It’s About Patient Acquisition, Not Just Medical Marketing

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Many practices assume that marketing is the only factor that impacts profits. They believe that if there’s a dip or stagnancy in profits, it must all be due to bad marketing. This line of thought  could not be further from the truth. While marketing is an aspect of patient acquisition, it is just one of many factors that will influence your acquisition and retention.   Instead of zeroing in on marketing, the lens through which you should review your practice’s success is the patient acquisition process. If you are looking to increase revenue, there are several steps you need to understand. Here are the patient acquisition best practices you should keep in mind:
"Instead of zeroing in on marketing, the lens through which you should review your practice’s success is the patient acquisition process."

Return On Investment

This is, without a doubt, the most important factor to consider in the entire process. Your ROI is an excellent indicator of how well your business is doing. If you have not already, it is time to understand exactly how much money are you making from your patient acquisition activities.

If you invest $1 in patient acquisition, are you getting $0.50 or $3.50 back? Once you begin to see how well your investment is doing, you can make changes to the following issues.


Despite what you may have been led to believe, marketing isn’t about clicks, rankings, or impressions. The success of your marketing is actually determined by the number of leads you are receiving from your advertisements.

When potential clients reach out and provide their contact information, you’ve received a lead that could become interested in your services in the future. You are now on the road to success.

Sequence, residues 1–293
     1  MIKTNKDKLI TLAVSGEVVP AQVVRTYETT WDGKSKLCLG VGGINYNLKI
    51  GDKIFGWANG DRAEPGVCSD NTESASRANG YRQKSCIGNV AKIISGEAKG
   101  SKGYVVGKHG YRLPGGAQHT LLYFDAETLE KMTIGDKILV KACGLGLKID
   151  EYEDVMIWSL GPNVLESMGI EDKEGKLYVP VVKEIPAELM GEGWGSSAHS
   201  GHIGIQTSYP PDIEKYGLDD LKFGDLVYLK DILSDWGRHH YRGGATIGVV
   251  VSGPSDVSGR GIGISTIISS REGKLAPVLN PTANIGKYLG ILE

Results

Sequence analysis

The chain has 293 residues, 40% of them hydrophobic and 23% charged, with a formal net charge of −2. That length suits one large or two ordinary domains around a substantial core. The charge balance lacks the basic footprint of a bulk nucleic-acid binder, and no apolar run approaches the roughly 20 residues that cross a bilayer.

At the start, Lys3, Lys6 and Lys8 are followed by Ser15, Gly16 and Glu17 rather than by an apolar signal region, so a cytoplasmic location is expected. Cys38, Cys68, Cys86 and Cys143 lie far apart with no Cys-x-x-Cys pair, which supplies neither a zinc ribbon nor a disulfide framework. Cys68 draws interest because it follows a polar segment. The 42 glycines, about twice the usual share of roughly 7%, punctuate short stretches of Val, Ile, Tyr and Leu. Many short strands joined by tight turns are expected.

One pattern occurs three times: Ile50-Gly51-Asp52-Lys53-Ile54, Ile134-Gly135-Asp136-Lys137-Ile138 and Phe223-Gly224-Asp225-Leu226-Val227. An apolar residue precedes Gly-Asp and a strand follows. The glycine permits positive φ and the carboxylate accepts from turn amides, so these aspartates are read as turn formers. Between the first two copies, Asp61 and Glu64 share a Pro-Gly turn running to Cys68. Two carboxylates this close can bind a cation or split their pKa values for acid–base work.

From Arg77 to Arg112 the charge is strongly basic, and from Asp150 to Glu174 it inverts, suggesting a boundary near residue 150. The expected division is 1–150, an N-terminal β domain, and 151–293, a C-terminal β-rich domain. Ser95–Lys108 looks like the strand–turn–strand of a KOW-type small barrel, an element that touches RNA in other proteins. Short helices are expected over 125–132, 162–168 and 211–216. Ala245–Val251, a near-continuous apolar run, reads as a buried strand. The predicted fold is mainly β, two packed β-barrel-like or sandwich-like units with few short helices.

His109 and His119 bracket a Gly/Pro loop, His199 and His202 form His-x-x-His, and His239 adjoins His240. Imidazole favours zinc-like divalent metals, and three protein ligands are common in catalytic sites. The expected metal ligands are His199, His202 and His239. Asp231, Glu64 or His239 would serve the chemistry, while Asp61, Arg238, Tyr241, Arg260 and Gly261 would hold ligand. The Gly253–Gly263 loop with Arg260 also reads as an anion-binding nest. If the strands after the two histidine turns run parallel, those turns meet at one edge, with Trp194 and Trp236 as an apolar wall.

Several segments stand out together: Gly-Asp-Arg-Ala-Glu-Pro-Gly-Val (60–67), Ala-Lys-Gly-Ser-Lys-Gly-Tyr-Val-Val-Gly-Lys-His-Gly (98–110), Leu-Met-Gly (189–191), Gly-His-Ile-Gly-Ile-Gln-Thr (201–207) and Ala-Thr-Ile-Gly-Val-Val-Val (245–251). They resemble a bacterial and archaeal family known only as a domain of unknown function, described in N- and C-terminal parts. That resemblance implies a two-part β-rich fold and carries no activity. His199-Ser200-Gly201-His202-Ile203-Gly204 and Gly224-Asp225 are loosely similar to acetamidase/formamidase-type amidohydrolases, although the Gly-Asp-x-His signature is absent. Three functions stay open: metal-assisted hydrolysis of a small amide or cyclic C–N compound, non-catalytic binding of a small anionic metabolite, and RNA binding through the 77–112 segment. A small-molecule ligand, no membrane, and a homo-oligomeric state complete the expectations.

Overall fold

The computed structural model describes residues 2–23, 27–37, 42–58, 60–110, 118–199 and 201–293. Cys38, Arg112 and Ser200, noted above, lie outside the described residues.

Quality of Lead Management + Scheduling

Your ability to acquire clients relies upon your ability to manage and schedule the leads that come in. Familiarize yourself with the lead management and scheduling process you currently have in place.

How many phone calls came in? How many emails arrived? Were any of these leads missed because the staff was otherwise occupied? How many leads decide to schedule? And how far are clients scheduled into the future?

When you understand where the gaps in the process might be, you can more clearly see where you need to revise your process, streamline your system, or hire additional staff to manage your unique situation.

Acquisition and Retention

This step is where we begin to see the return on investment. Of those who scheduled and attended, how many made a purchase? And of those who have purchased once, how many come back again? The secret to having a thriving practice is not just to get people in the door, but to keep them returning again and again.

Ultimately, when looking to improve your practice’s financial picture, the conversation expands beyond marketing to include the entire patient acquisition process. Once you begin to understand how each piece fits together, you can feel more confident pulling the departmental levers to make an almost immediate change in profit.